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Participatory Relevance

assorted keys hanging on hooks
This post was originally published as an assignment for INFO 287 Seminar in Information Science: The Hyperlinked Library at the School of Information at San José State University.

Like many community colleges, Glendale Community College (GCC) is facing a crisis in student enrollment and retention. The college aims to increase completion rates from 62% to 65% and increase Fall-to-Fall retention from 54% to 57% by 2022. Each department is tasked to identify ways to contribute to this strategic plan. The library is currently meeting to discuss ideas of how they can facilitate student success. This planning comes when enrollment in community colleges nationally is trending downwards to an all-time low. GCC is part of Maricopa Community Colleges, one of the nation’s largest districts, down 15% from last year. This makes retention and graduation all the more critical as the college grapples with ways to remain relevant to a shrinking student population.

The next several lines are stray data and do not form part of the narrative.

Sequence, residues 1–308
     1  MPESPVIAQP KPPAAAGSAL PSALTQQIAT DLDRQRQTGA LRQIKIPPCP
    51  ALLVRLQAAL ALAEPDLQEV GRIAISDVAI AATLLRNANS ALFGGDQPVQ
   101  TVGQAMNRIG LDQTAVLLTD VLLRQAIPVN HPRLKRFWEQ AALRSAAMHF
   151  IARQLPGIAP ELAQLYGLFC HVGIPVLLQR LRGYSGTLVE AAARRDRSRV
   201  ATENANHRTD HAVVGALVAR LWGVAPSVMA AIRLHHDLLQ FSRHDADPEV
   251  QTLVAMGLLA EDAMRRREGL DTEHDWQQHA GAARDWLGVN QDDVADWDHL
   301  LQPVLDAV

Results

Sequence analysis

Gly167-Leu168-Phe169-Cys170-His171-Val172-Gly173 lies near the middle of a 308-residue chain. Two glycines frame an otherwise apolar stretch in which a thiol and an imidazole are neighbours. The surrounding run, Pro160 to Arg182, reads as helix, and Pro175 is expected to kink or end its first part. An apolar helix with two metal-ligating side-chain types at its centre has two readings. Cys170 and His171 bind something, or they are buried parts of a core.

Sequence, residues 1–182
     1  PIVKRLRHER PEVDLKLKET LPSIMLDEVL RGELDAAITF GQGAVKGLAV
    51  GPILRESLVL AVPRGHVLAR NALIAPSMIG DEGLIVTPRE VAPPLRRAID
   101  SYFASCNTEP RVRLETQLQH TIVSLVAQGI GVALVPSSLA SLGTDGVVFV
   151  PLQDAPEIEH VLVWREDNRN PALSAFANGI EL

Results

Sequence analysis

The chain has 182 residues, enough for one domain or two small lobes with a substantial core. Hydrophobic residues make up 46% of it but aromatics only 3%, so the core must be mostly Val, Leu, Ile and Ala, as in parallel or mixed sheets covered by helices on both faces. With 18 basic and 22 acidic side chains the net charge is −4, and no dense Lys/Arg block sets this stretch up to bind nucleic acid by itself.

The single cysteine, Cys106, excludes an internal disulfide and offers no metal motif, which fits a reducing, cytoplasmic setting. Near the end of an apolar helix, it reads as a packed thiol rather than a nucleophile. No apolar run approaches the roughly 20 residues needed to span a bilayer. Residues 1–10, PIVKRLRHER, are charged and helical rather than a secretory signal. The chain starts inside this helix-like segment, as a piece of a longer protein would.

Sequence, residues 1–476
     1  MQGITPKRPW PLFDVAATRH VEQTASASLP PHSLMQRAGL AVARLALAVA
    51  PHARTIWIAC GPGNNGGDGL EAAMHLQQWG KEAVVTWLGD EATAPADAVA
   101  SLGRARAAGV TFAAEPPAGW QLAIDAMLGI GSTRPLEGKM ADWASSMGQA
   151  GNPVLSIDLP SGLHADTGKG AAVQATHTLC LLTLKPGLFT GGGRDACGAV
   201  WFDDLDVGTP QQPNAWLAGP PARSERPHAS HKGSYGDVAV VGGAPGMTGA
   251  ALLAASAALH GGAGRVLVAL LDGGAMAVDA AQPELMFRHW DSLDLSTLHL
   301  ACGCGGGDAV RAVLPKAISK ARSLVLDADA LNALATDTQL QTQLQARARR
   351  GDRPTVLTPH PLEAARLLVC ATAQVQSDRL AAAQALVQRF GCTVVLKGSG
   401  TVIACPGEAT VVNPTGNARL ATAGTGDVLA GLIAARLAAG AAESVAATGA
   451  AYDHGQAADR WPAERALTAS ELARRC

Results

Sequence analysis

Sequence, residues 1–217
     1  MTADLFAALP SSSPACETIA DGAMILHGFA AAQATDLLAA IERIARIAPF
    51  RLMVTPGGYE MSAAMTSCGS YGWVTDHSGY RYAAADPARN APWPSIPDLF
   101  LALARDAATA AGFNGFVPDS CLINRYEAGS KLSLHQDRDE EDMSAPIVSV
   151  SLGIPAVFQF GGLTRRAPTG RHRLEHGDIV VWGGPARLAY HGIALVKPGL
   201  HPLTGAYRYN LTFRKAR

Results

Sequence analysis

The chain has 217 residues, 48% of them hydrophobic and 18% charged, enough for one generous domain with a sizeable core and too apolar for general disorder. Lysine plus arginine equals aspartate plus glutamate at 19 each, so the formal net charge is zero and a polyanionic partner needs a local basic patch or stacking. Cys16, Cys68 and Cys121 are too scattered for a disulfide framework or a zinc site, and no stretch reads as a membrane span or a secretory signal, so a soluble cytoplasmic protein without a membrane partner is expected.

With this strategic plan goal in mind, I have been thinking of participatory services to introduce in the library. I examined several emerging technologies that could improve the user experience of our students, such as augmented reality to enhance wayfinding and exploring electronic resources. Or creating a virtual reality room for students to learn how to use and play with this technology. Or by removing some furniture and underused collections to transform the space into a more livingroom-like feeling, where students can study, collaborate, dream, and play. But none of these services would necessarily motivate more students to use the library. With that in mind, these ideas are simply throwing technology at a problem that really calls for some heart.